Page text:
I love TV shows with ensemble casts. There is something about learning a group of people, how they interact, with each one’s strengths and weaknesses, irrational foibles, methods of problem solving. It’s great fun, and it’s what gives shows like M*A*S*H and CSI their longevity.
I want to talk about two shows in particular, though, in terms of the makeup of their casts, because it occurred to me today how similar those casts are. They also happen to be two shows I really enjoy.
WKRP In Cincinnati and Firefly.
I know, not two shows that are thematically linked in most people’s minds, but I think that’ll help show how the different types that make a good team transcend genre and setting.
Let’s take a look at each crew.
The Headstrong Captain: (Mal Reynolds/Art Carlson) A good captain has to have goals, and he has to need help achieving them. Otherwise you end up with a one man show, which can be fun, but is not what I’m talking about. The captain’s job in the series is to keep things moving by motivating the other characters into doing more than they they think they can. To this end, a captain should be continually biting off more than he can chew. He gets the crew into situations where they all have to work together just to get out in one piece. He’s always a little bit out of his depth, confident that his crew can pull of whatever hair-brained scheme he’s concocted, but unclear as to the details.
The Loyal First Mate: (Zoe Washburne/Andy Travis) The first mate plays Sancho Panza to the captain’s Don Quixote. She or he is well grounded in reality. All of the details, and the problems that they represent, are the first mate’s worry. However, along with a practical outlook is a fierce loyalty to the captain. This can lead to a certain fatalism. First mates tend to expect the worst, they are cynics and pessimists, generally taciturn, and express volumes with a raised eyebrow and an exasperated sigh.
The Single-Minded Specialist: (Hoban Washburne/Johnny Fever) They do one thing, they do it well, and they don’t pay attention to much of anything else. While the captain is focused on adventure and the first mate is concerned with danger, the specialist doesn’t notice that anything exciting or dangerous is happening. They can be lighthearted and a little goofy because as long as their personal control panels are in the green all is right in their world. They can be used to defuse tension by making remarks that would be totally at odds with the situation if anyone else said them.
The Sex Symbol: (Inara Serra/Jennifer Marlowe) These characters are about more than just sex, they bring a kind of animal sensuality to the crew that, paradoxically perhaps, results in a calming influence. If the captain decides what the fight is going to be, and the first mate decides how it is to be fought, the sex symbol represents what the crew is fighting for. They are seldom directly involved in the action, but usually have an important supporting role, both in terms of information and motivation.
The Loose Cannon: (Jayne Cobb/Herb Tarlek) These characters are the counterweight on the other end from the first mate. While the first mate is urging calm and pointing out potential obstacles, the loose cannons are all for going full speed ahead and damn the torpedoes. They crave action for the sake of action and don’t think about consequences. This doesn’t make them bad, frequently the loose cannon saves the day by doing something that no other character would even consider.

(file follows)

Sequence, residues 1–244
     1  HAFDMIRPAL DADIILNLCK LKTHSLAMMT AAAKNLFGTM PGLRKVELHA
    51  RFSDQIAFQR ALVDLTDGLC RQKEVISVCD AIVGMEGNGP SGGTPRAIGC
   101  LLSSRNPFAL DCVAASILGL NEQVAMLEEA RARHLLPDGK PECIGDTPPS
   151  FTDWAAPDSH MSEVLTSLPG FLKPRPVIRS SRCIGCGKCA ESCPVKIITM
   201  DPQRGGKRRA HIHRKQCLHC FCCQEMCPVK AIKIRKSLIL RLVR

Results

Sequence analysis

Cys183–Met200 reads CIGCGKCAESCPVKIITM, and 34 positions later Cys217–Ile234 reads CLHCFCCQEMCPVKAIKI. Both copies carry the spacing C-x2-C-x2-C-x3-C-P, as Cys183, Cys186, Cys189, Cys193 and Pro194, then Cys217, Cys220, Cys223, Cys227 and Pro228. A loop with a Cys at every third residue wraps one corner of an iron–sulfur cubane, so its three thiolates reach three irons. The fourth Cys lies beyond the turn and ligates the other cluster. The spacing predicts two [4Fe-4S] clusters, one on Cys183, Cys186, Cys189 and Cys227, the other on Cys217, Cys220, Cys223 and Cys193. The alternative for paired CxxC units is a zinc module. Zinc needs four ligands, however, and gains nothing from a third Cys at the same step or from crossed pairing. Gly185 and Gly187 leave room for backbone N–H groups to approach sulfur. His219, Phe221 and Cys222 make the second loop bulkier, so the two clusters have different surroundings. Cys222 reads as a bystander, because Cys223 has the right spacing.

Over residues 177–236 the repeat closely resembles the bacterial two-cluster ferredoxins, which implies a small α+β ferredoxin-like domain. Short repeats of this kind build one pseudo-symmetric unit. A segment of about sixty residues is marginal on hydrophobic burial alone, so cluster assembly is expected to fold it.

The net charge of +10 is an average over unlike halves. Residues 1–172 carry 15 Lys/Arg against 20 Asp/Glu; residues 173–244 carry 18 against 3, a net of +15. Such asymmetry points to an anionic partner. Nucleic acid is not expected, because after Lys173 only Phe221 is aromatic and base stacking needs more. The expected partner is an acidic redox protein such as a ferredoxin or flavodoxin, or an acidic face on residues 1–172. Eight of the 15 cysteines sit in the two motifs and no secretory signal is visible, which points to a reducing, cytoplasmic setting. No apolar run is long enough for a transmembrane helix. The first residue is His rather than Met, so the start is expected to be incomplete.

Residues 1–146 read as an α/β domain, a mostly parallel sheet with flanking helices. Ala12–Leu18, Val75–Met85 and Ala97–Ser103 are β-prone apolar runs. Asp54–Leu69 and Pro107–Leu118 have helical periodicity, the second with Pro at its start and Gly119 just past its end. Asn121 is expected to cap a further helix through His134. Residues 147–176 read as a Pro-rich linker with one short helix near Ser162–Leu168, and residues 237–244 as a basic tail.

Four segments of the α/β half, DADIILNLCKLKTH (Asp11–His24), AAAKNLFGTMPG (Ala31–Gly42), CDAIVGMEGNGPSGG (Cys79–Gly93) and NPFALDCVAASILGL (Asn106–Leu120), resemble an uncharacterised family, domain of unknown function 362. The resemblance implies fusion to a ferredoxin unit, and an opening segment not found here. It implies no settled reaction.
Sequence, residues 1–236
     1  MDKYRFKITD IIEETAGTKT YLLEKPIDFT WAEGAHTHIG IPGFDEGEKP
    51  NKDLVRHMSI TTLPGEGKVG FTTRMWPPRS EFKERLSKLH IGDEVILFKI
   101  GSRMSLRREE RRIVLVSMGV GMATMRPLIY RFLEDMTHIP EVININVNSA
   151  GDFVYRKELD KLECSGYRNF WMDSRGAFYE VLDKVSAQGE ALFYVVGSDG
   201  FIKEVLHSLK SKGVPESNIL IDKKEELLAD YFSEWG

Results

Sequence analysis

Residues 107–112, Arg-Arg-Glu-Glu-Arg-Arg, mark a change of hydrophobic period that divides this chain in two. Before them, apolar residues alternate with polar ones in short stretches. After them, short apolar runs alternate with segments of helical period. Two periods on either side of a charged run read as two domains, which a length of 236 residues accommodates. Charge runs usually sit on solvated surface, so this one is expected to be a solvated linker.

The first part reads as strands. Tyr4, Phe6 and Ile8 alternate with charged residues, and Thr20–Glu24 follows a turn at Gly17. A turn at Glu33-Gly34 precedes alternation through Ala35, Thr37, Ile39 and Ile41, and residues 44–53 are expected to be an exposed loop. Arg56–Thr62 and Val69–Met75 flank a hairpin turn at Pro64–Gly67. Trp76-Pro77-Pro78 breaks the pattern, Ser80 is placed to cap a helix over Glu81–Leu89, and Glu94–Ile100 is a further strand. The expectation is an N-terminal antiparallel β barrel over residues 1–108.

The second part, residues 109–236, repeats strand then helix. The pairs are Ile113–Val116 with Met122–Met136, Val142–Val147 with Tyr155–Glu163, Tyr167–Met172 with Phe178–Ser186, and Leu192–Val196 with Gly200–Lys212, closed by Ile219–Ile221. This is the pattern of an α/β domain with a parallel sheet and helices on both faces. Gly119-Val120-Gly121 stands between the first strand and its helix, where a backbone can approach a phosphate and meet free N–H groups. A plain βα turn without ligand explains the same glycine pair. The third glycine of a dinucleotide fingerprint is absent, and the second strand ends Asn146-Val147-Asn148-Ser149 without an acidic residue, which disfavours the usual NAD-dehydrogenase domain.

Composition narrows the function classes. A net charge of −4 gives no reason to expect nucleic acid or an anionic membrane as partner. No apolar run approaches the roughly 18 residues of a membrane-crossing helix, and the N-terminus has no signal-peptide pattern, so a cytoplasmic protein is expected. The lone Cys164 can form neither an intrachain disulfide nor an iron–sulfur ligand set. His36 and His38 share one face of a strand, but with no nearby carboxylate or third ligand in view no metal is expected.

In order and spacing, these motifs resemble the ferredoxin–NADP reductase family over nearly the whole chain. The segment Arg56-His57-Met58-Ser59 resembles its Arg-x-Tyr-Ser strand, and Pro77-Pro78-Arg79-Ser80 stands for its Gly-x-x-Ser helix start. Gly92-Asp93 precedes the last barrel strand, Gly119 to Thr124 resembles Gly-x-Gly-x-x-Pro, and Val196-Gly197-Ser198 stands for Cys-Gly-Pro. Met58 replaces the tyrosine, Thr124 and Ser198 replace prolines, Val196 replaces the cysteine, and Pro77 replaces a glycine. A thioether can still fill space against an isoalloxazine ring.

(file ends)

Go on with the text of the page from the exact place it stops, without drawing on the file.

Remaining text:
The Plucky Optimist: (Kaylee Frye/Bailey Quarters) These are the characters that let you know that the crew is the good guys. They serve as the moral compass for the crew, encouraging them to listen to their better natures and do what is right. They tend to work at cross purposes to both the first mate and the loose cannon by examining issues not in terms of risk and reward but ethically. Like the sex symbol, they represent what the crew has to lose, but the sex symbol represents what the crew will lose if they fail, while the plucky optimist represents what the crew will lose if they succeed by resorting to the same methods as their antagonists.
The Outsider: (Simon Tam/Venus Flytrap) Outsiders are at some distance removed, mentally, from the rest of the crew. They have backgrounds and life experiences that set them apart, and consequently they see things a little differently from the rest of the crew. This helps the crew be more diverse, but also more cohesive. By offering a different perspective on the common problem, the outsiders bring the focus to what is really important to everyone.
The True Believer: (Shepherd Book/Les Nessman) True Believers are a fixed star. They provide stability by offering the same perspective, no matter what the situation. This doesn’t mean that they are always right, and their input is seldom popular with the rest of the crew, but they are consistent. They may be an obstacle for the captain to navigate around rather than a help, but at least it’s an obstacle that’s always in the same place. In an ongoing series there is always a struggle between offering variety and consistency, the true believers provide a vehicle for consistency to travel along side the crew wherever they end up.
Okay, this ended up getting way longer than I intended, and I’m sure that the Firefly fans (and who isn’t one) are going to pillory me for not even mentioning River, but honestly I believe that River functioned more as an ongoing plot complication than as a member of the crew.
And if I was a real writer I suppose I would wrap this up by stating my conclusions or something, but I don’t have any conclusions. I just found it interesting to find parallels between the cast of two very different (but both well written) series.